Plantar fasciitis is the most common foot pathology we as caregivers of the foot and ankle treat. The literature is damning for this not-so magic bullet of PRP and I believe that PRP is not the answer for plantar fasciitis.
The article that has done the most damage to the magic bullet of PRP for plantar fasciitis was by Lee and colleagues in Foot and Ankle International in 2007.1 Their randomized study compared two treatments, PRP and corticosteroids, over a period of one year for patients who met the inclusion criteria of having plantar fasciitis for a period of at least six weeks with maximal tenderness over the medial plantar calcaneal tubercle. Both groups received the same volume of injections and 1% lidocaine HCl (PRP 1.5 mL mixed with 1 mL of lidocaine, or triamcinolone acetonide 0.5 mL with 2 mL of lidocaine). The total number of patients in the study was 61 with blinded follow-up visits at six weeks, three months and six months. Researchers measured the outcomes by the visual analog scale (VAS) (subjective exam) and a pressure algometer to measure tender threshold (objective exam).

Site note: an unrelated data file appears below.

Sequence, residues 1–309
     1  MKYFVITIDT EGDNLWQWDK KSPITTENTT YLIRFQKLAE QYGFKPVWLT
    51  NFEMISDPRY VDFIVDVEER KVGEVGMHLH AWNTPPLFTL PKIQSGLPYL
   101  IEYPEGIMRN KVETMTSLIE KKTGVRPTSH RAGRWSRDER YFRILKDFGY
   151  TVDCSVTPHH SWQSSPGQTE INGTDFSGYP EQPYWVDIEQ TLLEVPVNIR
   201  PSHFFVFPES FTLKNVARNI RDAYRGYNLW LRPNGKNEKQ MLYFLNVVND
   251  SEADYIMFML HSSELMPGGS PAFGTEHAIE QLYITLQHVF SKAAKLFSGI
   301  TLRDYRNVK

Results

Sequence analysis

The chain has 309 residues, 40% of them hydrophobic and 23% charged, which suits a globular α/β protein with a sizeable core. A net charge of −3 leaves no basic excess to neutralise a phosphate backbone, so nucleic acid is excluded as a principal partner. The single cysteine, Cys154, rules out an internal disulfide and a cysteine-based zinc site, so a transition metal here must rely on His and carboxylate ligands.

The results showed a baseline measurement of the VAS for the PRP group of 7.3 ± 1.8 initially, which decreased to 3.6 ± 2.6 at six months post-injection.1 Results in the steroid group were 6.9 ± 1.7 initially, which decreased to 2.4 ± 3.0 at six months post-injection. The tender threshold results (higher number is a better result) initially for the PRP group was 3.1 ± 1.2, which increased to 6.5 ± 2.9 at six months post-injection. For the steroid group, the initial measurement was 3.7 ± 2.0, which increased to 8.6 ± 3.1 at six months post-injection. Although all patients found both injections painful, there were no complications in either group. The conclusion from this article was “Intralesional autologous blood injection is efficacious in lowering pain and tenderness in chronic plantar fasciitis, but corticosteroid is more superior in terms of speed and probably extent of improvement.”1
Aksahin and coworkers demonstrated similar outcomes in 2012.2 These authors concluded the following: “In this study, the effects of the corticosteroid and PRP injection in patients with plantar fasciitis were analyzed with clinical evaluation methods. Taking the possible regenerative effect of PRP into consideration, the results of the PRP injection group were expected to be more satisfactory in cases of plantar fasciitis since it is believed to be a regenerative process rather than an inflammatory reaction.”
This study did discuss “potential” complications associated with steroid injections and that PRP injections are safer with similar outcomes.2 The authors did not discuss the cost of the procedure and overstate the complications of steroid injections, given the corresponding literature, which Aksahin and coworkers note shows relatively rare complications associated with steroid injections for plantar fasciitis.